Dorothy was home in Kansas once more. By now, she was becoming very used to disappearing off to the Land of Oz for a week or two to visit her friends before returning to Kansas.
As she stepped downstairs this morning after breakfast, she noticed Toto pawing near the front door. Smiling at her little dog, she let him out and stepped into the fresh, morning sun, smelling the warm August breeze.
"Please, miss," said a voice from the road, "can you tell me the road to
Dorothy looked over and saw a strange man by the road, looking at her. He had a shaggy beard and hair, and his clothes were a little tattered and hung from his body loosely, looking very shaggy. His boots had definitely seen better days. He chewed slowly on a piece of oat straw. He smiled warmly and his eyes looked very kind. And looking at him, Dorothy had to smile herself. Surely he would do her no harm.
"Oh yes," she replied; "I can tell you. But it isn't this road at all."
The Shaggy Man makes major appearances in three of the Famous Forty: The Road to Oz, Tik-Tok of Oz, and The Shaggy Man of Oz. He plays important secondary roles in The Patchwork Girl of Oz and to a lesser extent in The Emerald City of Oz and The Lost Princess of Oz.
As with many of Baum's characters, we know little of the Shaggy Man's backstory, but we do get a number of clues. Tik-Tok of Oz tells us that he has a brother who was a miner in Denver, Colorado. Perhaps this is their home town. Perhaps they were orphaned children who always lived on the street, but The Patchwork Girl of Oz says the Shaggy Man "knew how to
telegraph a wireless reply," so it seems he's had some learned some leading technology. For whatever reason, he decided to live as a tramp. Baum depicts him as being quite well-traveled in the continental US.
Perhaps the reason for the Shaggy Man's tramping may be found in a line from The Road to Oz: "I don't want
money, my dear... Money makes people proud and haughty. I
don't want to be proud and haughty. All I want is to have people love
Before we try to paint the Shaggy Man as a romancer, it is more likely Baum simply means that he wants to be friends with people. Unfortunately for the Shaggy Man, given that he seems to travel with only the clothes on his back and we don't know how often he got to bathe, he was probably not widely welcomed.
Sometime after this, he met Dorothy, asking her the road to Butterfield not to visit it, but to avoid it. He told her that a man there owed him fifteen cents, a debt he did not want repaid. Perhaps this was a lie and he was afraid of being asked about the Love Magnet.
Somehow, he and Dorothy wound up on a road in the southern borderlands of Oz, near a strange crossroads that branched off in seven directions. The Shaggy Man told Dorothy to pick the seventh one from which Dorothy began to count, and they were off on the road to Oz.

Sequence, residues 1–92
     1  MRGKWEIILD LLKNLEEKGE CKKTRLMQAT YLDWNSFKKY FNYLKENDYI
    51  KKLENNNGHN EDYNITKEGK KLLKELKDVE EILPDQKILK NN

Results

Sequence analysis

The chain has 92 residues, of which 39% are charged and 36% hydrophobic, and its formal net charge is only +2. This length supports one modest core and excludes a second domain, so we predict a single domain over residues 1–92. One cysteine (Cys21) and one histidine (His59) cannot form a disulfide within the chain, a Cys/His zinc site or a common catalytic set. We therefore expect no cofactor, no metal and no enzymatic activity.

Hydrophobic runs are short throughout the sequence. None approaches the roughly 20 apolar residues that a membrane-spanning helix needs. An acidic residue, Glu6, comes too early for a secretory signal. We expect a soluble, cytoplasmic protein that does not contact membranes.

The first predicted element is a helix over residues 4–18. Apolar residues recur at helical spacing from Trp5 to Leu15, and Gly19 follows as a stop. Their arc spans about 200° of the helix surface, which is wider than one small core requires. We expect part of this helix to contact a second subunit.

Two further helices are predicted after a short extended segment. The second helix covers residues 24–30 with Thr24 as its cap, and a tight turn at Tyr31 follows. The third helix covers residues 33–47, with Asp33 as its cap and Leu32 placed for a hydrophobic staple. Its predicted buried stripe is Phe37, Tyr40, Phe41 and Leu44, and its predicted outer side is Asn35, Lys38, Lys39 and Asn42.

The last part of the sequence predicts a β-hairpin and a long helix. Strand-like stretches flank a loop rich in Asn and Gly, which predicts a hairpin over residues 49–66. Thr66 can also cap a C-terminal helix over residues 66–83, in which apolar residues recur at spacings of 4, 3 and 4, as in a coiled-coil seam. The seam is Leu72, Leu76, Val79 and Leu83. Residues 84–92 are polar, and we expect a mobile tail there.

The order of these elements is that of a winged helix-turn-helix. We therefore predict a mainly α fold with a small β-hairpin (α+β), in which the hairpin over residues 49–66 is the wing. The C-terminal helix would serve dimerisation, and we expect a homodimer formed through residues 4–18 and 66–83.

Along the way, they met Button-Bright and Polychrome, the Rainbow's daughter. During the trip to Oz, Shaggy was given a donkey's head by King Kik-a-bray of Dunkiton. Later, it was his cunning that let them escape the Scoodlers, and he used the Love Magnet to summon Johnny Dooit (who probably helped him in the past) to help them cross the Deadly Desert. In the Winkie Country, Dorothy and her friends found the Truth Pond, and after bathing in it, the Shaggy Man's head was restored.
Perhaps it really shouldn't be counted as Oz canon, but Baum dedicated The Road to Oz to his first grandson, Joslyn Stanton Baum, and in the copy of the book he gave to the parents for his grandson, he wrote a tiny story about how Joslyn had been blessed by the people of Oz, including the Shaggy Man pressing the Love Magnet on the baby's brow.
The Shaggy Man joins Dorothy, Aunt Em and Uncle Henry and the other people on the grand tour of Oz in The Emerald City of Oz, but offers little except sneezing in the land of the Cuttenclips and offering some comments her and there. (In Walt Spouse's comics adaptation of the book, the Shaggy Man was removed entirely, the sneezing reassigned to Uncle Henry and no other harm to the story done.)
He features more prominently in Tik-Tok of Oz in which he discovers that the Nome King kidnapped his brother, Ozma sending him to Ev to ask the Nome King for his freedom, later sending Tik-Tok to assist him. They both wind up befriending Betsy Bobbin and Hank the Mule, and later accompany Queen Ann's army of conquest. After a number of difficulties (including a fall through a tube to the other side of the world and the Nome King turning the Shaggy Man into a bird briefly), Shaggy finally recovers his brother.
In The Lost Princess of Oz, these two set out in a search party to find Ozma, but their adventures remain—to my knowledge—unchronicled.
To me, the Shaggy Man was a little similar to the Wizard. Yes, he came from a rough American background, but there was much more to him than meets the eye. I had the idea that the Shaggy Man was actually a very smart man and once had the idea of writing him as a detective. I actually tried this in the "Ruby Ring of Oz" round robin tale, but a good idea ran into poor execution.
What I particularly like about the Shaggy Man is that he isn't a clearly good guy. Despite his somewhat shady start in The Road to Oz (leading a girl of 10 or 11 away from her home without her guardians), he turned out to have a heart of a gold. Even his theft of the Love Magnet turned out to be a good thing in helping the young woman finally find someone who truly loved her, not just someone attracted by the Love Magnet.
Speaking of which, was Baum on a Shakespeare kick with The Road to Oz? The Love Magnet is akin to the love flower of A Midsummer Night's Dream, and—like Bottom—Shaggy is given a donkey's head.
I think there's quite a bit more to the Shaggy Man than we know. Maybe some other Historians will tell us more. (And yes, I know about Queen Ann in Oz by my friends Eric Gjovaag and Karyl Carlson, but I won't spoil that one for you.)